NOW that Nathan McCall, a reporter for the Washington Post, has achieved a ``stable gig,'' the story of his violent youth in ``Makes Me Wanna Holler: A Young Black Man in America'' becomes all the more chilling and ultimately instructive. His book offers black and white readers a rare view of the hellish and racist underbelly of American society.
What McCall didn't have as a youth growing up in a black, working-class neighborhood in Portsmouth, Va., was deep insight into himself or his condition. Nothing in Portsmouth - parents, school, church, sports, community center, or role model - helped him to step back, reflect, and change.
This capacity to change is tough enough for any teenager these days. But to be black, to live in the South in the late 1960s and early '70s, and to be conditioned by family, TV, community, school, and daily life to believe that black is inferior to white, all this completely overwhelmed and stunted McCall.
On the receiving end of racism, he withered. He and his gang became a wolf pack, alienated from the most common acts of decency. They raped, plundered, and slaughtered whites and blacks. McCall shot people, robbed stores and homes, and dealt drugs. Contributing to his condition was the powerful influence of violent films, particularly the 1972 black exploitation movie, ``Superfly.''
``Superfly influenced the style, thinking, and choices that a lot of young black men began making around that time,'' McCall writes. ``I know it deeply affected me.'' The music, style, and attitudes in the film swept up young blacks who had no positive role models to follow. Even the black political revolutionaries of the day were inconsequential to McCall and his gang. And ``For a lot of guys, Superfly brought home the economic potential in selling cocaine,'' McCall says.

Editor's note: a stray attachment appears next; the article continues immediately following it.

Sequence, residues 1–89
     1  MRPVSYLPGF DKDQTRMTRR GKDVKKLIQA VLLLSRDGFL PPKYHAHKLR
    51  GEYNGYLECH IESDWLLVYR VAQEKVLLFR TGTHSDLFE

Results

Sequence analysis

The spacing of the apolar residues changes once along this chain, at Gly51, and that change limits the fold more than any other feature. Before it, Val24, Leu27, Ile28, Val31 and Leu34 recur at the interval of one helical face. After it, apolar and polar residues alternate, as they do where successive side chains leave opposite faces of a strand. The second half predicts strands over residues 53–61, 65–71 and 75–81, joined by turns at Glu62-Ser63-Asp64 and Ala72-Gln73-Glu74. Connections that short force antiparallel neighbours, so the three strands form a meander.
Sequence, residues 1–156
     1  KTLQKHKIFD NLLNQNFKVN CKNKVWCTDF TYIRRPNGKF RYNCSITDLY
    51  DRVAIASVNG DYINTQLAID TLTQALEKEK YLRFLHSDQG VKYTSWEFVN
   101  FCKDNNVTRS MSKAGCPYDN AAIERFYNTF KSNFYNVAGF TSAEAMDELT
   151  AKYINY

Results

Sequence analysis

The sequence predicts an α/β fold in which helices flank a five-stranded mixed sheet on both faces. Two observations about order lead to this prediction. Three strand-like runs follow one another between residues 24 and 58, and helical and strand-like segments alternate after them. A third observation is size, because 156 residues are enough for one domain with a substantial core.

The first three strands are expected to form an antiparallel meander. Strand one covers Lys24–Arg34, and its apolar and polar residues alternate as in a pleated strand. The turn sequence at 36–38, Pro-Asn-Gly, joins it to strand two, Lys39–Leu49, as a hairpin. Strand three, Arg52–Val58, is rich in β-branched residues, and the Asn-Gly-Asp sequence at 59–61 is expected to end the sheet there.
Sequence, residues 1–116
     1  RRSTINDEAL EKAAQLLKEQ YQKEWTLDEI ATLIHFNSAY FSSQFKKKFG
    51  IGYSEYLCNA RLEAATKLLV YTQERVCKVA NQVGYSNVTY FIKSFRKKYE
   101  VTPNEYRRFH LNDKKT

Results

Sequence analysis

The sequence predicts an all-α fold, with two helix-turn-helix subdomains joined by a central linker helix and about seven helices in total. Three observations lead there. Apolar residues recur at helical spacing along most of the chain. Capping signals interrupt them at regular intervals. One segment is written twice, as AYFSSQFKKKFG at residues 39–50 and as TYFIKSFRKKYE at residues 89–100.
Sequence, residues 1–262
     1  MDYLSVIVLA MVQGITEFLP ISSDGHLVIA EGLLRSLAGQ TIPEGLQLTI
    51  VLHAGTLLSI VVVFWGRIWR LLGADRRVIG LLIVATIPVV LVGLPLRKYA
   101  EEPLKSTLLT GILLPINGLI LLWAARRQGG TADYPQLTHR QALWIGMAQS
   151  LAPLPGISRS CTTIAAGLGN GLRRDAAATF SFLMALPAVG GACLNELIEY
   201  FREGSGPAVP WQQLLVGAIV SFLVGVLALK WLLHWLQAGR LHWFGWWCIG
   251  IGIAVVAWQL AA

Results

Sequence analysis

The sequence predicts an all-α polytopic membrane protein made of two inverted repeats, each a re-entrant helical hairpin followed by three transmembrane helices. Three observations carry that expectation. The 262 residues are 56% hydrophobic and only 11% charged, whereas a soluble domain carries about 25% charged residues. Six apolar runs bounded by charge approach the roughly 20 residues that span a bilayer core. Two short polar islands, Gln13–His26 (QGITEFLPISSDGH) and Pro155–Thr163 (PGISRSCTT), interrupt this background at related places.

McCall's long-suffering and hard-working mother and step-father tried desperately to save him and his brothers from destruction. Curfews, threats, nothing worked. Their own limitations and the lure of street life, as McCall relates, were too much.
The irony is that McCall, brighter than most, stayed in high school while his street life worsened. Along the way he fathered several children. Eventually, he was caught trying to rob a McDonald's with a gun and sentenced to 12 years in prison.
As it did for Malcom X and others, prison forced a reckoning. McCall's intelligence and hope began to crawl out of the muck. He wondered why he survived while so many of his friends were dead, maimed, or crazed. For answers he explored the Bible, kept a journal, and eased into Islamic beliefs. That was the beginning of his own perspective, the capacity to change from within.
Released on parole, he married, divorced, and earned a journalism degree. After jobs at other newspapers he landed a job at the Washington Post on the second try.
McCall's vivid, clear writing matches his courage in telling the horrifying details of his teenage years, and reveals the moral and racial struggles that continue for him today. As brutal as it is, this is an important book that explains the causes of violence and rage in black youths today. And by extrapolation it indicates the terrible price society will pay until racist attitudes are defeated.
McCall concludes: ``For those who'd like answers, I have no pithy social formulas to end black-on-black violence. But I do know I see a younger, meaner generation out there now - more lost and alienated than we were, and placing even less value on life.''